|Born||6 October 1938|
|Died||8 June 2014 (aged 75)|
(m. 1966; div. 1986)
|Children||2, including Alessandra Celi|
Lazăr was born in Bucharest in 1938. She graduated from the Caragiale Academy of Theatrical Arts and Cinematography (where she also obtained a degree in psychology, which she practiced until 1994, dealing mainly in couples therapy) and subsequently played roles in Romanian theatre [notably a run of Right You Are (if you think so) in 1963-64]. She fled her home country to escape communism and eventually settled in Italy in 1965. She managed to learn the Italian language in only a few weeks and had planned to move on to the United States or Israel, but became entranced with Rome. There, she met and married Italian actor Adolfo Celi with whom she had two children, director Leonardo Celi and actress Alessandra Celi.
She made her screen debut as Marlon Brando's deceased wife in Bernardo Bertolucci's Last Tango in Paris (1972), and also appeared in some of the director's subsequent films, La Luna (1979), The Sheltering Sky (1990), and Besieged (1998).
Lazăr is probably best known internationally for her role as the demonic Mater Tenebrarum in Dario Argento's Inferno (1980), as well as the ill-fated Martha in Lucio Fulci's The Beyond (1981). She later appeared in Argento's The Stendhal Syndrome (1996) in a role that was removed from the North American version (though she is still billed in the end credits). Her other films included Michelangelo Antonioni's Identification of a Woman (1982), My Sister and I (1987), Towards Evening (1990), The Prince's Manuscript (2000) and Ginostra (2002). She had an extensive career in (mostly) Italian television, where she was often the lead or one of the lead characters. Lazăr headlined the 1978 adaptation of The Elective Affinities, Giacinta (1980) and was a big part of the 1989 BBC miniseries Summer's Lease. Her last role was that of the main character Lorenzo's loving grandmother in Bertolucci's Me and You (2012).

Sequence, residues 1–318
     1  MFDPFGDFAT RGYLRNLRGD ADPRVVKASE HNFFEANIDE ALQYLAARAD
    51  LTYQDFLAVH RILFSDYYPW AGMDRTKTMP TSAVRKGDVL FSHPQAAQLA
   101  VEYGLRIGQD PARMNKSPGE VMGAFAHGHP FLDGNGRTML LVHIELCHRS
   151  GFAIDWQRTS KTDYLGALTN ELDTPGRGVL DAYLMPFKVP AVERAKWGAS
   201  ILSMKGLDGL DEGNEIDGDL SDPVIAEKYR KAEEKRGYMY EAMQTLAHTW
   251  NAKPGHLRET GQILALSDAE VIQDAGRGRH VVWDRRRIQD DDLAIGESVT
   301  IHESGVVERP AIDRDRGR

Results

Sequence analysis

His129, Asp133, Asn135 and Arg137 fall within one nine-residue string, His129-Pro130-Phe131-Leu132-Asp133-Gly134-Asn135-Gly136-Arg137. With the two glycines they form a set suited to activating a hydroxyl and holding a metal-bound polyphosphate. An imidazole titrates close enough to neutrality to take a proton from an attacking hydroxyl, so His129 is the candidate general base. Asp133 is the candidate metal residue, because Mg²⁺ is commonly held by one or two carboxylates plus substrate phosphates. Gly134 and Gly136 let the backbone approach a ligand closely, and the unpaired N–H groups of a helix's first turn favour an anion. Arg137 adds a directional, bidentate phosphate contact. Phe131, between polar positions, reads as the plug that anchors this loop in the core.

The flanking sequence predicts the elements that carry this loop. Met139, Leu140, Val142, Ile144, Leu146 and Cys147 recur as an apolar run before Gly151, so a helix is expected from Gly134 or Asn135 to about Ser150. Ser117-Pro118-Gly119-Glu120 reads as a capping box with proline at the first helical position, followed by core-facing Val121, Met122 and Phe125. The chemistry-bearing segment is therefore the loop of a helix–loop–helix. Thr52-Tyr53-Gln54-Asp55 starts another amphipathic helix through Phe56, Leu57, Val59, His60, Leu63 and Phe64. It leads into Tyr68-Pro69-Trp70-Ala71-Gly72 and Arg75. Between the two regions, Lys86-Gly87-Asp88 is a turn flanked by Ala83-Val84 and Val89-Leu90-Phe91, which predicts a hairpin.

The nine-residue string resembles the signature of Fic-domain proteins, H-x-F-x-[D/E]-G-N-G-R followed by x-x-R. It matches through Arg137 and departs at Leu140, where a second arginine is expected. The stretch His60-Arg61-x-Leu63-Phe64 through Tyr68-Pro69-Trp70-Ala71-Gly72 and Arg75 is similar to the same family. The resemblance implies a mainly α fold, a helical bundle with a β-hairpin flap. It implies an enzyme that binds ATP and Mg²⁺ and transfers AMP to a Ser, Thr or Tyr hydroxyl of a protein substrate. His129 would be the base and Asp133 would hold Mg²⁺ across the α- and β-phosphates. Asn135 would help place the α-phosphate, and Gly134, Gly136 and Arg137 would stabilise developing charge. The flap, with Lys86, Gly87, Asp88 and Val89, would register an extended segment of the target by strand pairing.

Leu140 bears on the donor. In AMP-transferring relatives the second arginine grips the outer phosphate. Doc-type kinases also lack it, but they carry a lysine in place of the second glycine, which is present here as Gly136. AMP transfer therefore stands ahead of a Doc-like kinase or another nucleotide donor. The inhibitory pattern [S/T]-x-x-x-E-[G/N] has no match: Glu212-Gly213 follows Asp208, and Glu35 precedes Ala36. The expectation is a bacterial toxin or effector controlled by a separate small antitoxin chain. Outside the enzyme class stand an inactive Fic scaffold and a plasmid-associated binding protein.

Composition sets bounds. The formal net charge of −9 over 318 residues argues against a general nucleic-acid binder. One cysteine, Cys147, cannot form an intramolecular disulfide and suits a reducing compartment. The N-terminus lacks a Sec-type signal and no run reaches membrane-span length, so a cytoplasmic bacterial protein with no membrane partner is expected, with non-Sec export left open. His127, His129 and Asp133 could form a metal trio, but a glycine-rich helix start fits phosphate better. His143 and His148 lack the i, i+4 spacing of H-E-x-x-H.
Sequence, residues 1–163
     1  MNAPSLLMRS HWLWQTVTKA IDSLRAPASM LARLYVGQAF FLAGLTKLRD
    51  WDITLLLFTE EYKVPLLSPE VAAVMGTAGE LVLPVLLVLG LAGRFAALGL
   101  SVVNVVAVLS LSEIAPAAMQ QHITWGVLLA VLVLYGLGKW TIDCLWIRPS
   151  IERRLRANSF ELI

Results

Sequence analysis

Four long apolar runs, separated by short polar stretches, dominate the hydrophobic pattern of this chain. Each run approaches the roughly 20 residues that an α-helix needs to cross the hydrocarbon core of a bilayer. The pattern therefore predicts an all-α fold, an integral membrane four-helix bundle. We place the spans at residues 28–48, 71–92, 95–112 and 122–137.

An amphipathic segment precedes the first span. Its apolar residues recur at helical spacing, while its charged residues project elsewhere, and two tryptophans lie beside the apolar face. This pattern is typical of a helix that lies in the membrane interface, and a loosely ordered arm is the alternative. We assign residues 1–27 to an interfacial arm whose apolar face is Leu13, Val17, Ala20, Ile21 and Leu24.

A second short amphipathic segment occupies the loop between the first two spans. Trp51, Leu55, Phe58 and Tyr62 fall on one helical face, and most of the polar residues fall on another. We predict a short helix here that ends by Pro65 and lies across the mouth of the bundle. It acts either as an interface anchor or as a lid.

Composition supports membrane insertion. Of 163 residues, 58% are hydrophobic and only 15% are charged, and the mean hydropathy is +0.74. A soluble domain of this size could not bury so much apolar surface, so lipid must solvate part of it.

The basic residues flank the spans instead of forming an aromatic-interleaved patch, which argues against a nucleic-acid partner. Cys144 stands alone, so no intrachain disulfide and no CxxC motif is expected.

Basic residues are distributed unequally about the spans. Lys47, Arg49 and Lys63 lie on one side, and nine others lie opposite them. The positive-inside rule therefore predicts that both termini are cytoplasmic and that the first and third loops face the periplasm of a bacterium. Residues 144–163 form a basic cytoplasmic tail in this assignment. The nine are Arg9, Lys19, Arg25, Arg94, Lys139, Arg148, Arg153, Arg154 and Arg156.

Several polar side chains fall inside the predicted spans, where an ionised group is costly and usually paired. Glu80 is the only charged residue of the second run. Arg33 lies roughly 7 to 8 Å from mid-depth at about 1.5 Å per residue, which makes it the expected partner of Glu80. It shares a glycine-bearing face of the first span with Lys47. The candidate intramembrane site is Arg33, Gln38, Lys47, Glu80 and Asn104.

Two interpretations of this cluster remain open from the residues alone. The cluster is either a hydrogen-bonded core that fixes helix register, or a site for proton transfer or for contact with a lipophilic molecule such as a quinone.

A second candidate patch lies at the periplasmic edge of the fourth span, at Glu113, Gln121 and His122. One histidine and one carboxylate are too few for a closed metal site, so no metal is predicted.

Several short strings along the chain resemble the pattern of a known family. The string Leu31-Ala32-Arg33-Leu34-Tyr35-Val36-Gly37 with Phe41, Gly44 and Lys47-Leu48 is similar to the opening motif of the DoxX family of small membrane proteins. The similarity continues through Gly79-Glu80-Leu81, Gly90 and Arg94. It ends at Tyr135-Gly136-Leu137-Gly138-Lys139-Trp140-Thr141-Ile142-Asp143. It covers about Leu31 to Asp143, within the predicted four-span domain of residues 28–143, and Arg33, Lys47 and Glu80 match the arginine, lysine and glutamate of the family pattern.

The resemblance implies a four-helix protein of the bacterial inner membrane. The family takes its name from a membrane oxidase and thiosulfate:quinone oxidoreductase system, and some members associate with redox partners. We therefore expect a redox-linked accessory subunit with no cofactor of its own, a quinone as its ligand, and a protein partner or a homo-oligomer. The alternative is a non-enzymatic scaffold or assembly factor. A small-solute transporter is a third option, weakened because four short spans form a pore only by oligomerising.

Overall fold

Veronica Lazăr was a renowned woman of culture and a cultural ambassador between Italian and Romanian cinema (the latter, a position she began in 1989). She was a linguistic interpreter and was seen as a symbolic figure with a protective aura by her countrymen in both Italy and Romania.  She was also president of the Itaro Art Foundation and was instrumental in its 2007 retrospective on Romanian cinema held in Rome and Pisa. She was heavily involved with the acting students at Teatro Valle and often would cook meals for the them at her home and bring them to the theatre. The students there nicknamed her "Nonna Veronica."
Lazăr also coordinated the construction of a hospital in Mali over the course of a year, on orders of the Ministry of Foreign Affairs. When she returned to Italy, she brought with her African fabrics, statues, and carpets, many of which were still in her home when she died. Lazăr loved to play cards, share with her friends, and had a special affinity for the sea. At her funeral, she wanted her 18-year-old niece, a career musician already, to play the theme from Schindler's List throughout the Jewish cemetery in Prima Porta where she was laid to rest. 
- Redazione Blitz (11 June 2014). "Veronica Lazar morta a 76 anni: musa di Bertolucci, Antonioni e Dario Argento". Blitz. Retrieved 11 June 2014.
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